Just returned from a brief trip across the border to Panama and the lovely Bocas islands. We stayed with a friend who has a 100 acre farm there growing cacao, coconuts, bamboo, platanos, pineapples, greens and all sorts of new and wonderful things. What a project! Very inspiring.
The terribly sad part is that her partner just died suddenly and now the future of the farm is at this point uncertain. We would love to help out and bring this dream of Jim's to full fruition. Hopefully we can.
The produce from the farm is sold at the very young Farmers' market in Bocas Island. Very small as yet, and not well supported by the local population. The trouble is that Panama isn't a very agricultural nation. While there are miles and miles of cattle ranches, the people growing vegetables are few and far between: it's shocking to see how poor the selection and quality of fresh fruits and veggies is on the mainland, never mind the islands. Much of the 'fresh' stuff is imported. We have two great farming friends there: Up In The Hill Organic Farm and High Hopes South, they take their produce to market, but what they produce can never pull in the crowds like the onions - carrots - broccoli - garlic crowd can, and that stuff just doesn't grow on lowland tropical areas. For the market to survive change needs to happen - firstly the market must go from twice a month to weekly, and secondly a cold crops veggie vendor must appear, only then will the locals take the market seriously. There are talks afoot with an organic farmer in Boquete, but that's 4 hours away. We are about 4 hours away too, it seems unlikely any of our farmers would sell there.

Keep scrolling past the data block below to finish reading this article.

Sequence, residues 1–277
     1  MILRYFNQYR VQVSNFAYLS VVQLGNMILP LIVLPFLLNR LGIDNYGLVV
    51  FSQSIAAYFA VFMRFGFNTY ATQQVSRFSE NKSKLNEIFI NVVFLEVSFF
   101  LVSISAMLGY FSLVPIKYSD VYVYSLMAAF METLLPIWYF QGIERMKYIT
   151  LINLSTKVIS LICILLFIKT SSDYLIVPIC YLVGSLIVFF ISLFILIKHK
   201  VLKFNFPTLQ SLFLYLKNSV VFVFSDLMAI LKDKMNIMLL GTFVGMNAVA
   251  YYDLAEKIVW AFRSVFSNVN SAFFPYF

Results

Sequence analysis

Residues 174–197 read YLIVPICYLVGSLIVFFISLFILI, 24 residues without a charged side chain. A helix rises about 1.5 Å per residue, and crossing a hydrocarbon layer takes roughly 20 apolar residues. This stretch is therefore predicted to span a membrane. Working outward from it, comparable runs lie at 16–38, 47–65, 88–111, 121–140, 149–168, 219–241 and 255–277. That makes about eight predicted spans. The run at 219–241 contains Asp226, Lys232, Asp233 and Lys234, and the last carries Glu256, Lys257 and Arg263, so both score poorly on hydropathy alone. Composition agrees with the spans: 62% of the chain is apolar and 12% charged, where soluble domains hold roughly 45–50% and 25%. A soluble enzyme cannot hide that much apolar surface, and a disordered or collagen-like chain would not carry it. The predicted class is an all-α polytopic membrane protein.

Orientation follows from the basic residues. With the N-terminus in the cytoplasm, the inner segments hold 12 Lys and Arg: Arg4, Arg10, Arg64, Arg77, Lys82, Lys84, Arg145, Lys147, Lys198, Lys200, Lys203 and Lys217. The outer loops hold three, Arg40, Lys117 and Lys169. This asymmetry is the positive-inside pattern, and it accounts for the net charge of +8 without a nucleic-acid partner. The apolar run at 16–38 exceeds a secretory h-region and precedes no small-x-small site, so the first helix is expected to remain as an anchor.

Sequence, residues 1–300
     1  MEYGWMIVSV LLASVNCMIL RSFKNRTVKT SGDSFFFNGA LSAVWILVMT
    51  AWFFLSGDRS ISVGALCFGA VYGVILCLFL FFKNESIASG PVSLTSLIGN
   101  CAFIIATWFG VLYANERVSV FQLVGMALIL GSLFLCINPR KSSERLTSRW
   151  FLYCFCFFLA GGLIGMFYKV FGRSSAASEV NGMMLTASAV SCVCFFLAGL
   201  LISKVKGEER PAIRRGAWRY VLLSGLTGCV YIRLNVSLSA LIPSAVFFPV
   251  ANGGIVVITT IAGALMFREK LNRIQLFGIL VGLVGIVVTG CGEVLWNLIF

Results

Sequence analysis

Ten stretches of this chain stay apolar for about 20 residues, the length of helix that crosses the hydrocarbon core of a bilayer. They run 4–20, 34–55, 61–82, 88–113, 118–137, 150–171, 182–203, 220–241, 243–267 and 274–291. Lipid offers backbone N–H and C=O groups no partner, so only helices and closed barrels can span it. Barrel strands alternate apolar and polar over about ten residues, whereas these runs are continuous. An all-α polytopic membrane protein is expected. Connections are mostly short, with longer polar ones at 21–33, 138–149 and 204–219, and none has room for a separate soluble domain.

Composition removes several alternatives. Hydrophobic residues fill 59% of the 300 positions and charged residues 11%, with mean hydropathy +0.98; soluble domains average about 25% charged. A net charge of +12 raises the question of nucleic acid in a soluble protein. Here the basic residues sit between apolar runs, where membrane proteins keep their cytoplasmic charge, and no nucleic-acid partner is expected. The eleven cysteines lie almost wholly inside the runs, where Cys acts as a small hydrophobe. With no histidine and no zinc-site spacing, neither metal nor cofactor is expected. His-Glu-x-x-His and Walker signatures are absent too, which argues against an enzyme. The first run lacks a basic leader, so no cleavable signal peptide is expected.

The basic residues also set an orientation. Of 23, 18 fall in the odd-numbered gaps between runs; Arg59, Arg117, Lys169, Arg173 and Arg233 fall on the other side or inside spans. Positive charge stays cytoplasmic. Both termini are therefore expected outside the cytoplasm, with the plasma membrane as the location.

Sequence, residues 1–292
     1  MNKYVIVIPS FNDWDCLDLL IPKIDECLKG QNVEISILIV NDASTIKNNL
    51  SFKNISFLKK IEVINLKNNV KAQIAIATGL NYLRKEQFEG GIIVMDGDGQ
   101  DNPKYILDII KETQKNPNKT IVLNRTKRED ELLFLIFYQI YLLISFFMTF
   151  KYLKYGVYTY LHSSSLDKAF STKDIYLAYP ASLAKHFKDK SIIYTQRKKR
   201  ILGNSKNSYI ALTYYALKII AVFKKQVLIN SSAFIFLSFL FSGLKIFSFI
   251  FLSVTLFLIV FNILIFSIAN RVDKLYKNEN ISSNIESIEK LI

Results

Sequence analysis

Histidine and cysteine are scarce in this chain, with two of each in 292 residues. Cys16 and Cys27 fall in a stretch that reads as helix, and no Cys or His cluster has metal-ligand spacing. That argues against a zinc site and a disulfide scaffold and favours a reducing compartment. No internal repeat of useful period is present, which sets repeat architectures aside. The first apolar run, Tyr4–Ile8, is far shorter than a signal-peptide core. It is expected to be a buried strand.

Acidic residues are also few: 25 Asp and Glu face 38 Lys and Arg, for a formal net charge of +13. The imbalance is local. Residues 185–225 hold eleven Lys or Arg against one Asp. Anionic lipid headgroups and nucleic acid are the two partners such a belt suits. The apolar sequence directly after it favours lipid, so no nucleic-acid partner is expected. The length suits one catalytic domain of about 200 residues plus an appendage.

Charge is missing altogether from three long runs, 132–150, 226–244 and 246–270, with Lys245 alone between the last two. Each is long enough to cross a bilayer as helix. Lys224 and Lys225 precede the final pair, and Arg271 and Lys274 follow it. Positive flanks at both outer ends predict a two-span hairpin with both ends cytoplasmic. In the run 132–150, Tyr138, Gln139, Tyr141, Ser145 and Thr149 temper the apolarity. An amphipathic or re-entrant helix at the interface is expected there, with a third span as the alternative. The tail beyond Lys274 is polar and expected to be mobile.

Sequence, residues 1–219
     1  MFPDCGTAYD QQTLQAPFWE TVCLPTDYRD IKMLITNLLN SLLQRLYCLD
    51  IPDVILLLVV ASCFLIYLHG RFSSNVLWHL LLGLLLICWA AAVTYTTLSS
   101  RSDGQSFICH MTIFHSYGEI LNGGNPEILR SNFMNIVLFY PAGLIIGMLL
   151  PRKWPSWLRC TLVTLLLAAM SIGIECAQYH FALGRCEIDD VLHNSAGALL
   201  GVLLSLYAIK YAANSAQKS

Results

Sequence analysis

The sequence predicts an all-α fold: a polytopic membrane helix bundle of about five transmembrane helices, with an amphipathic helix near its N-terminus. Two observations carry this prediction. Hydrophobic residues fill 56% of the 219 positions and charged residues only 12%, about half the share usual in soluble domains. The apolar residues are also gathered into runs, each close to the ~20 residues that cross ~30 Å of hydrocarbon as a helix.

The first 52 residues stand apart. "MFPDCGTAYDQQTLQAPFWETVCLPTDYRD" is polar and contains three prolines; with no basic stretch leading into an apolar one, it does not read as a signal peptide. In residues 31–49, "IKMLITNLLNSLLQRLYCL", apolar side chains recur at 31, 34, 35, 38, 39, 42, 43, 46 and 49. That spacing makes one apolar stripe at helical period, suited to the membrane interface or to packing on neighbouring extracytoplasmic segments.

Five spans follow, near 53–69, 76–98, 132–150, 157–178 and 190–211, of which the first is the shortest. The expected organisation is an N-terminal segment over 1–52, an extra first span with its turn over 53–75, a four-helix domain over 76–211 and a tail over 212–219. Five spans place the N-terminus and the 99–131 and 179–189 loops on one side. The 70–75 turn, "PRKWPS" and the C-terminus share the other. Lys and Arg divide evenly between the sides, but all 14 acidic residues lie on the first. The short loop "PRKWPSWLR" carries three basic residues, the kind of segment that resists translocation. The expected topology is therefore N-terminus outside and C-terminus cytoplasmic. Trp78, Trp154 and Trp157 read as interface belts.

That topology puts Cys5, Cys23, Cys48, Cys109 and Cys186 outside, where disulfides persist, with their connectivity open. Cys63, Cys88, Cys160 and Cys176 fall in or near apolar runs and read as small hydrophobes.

So what to do? It seems to me a mammoth task of educating the populace to eat locally and healthily - very hard to do in a tourist town where most restaurants serve up hamburgers and fries with an iceberg lettuce side salad.
What does sell at the market is cacao in all forms: raw beans, roasted nibs, ground, sweetened, even turned into jam! Chocolate truffles and brownies are winners too, along with dried fruit and candied ginger. Almost all of these goodies go to tourists. Great, but a passing trade and not one that sustains in the long term. Platanos, pipa water, chaya and katuk are sold beside the fruits our friends have in season - but to make it work these have to become local staples.
It's a lot of work and requires commitment and strength from the growers, but it's a worthy path to tread. I hope somehow we can help.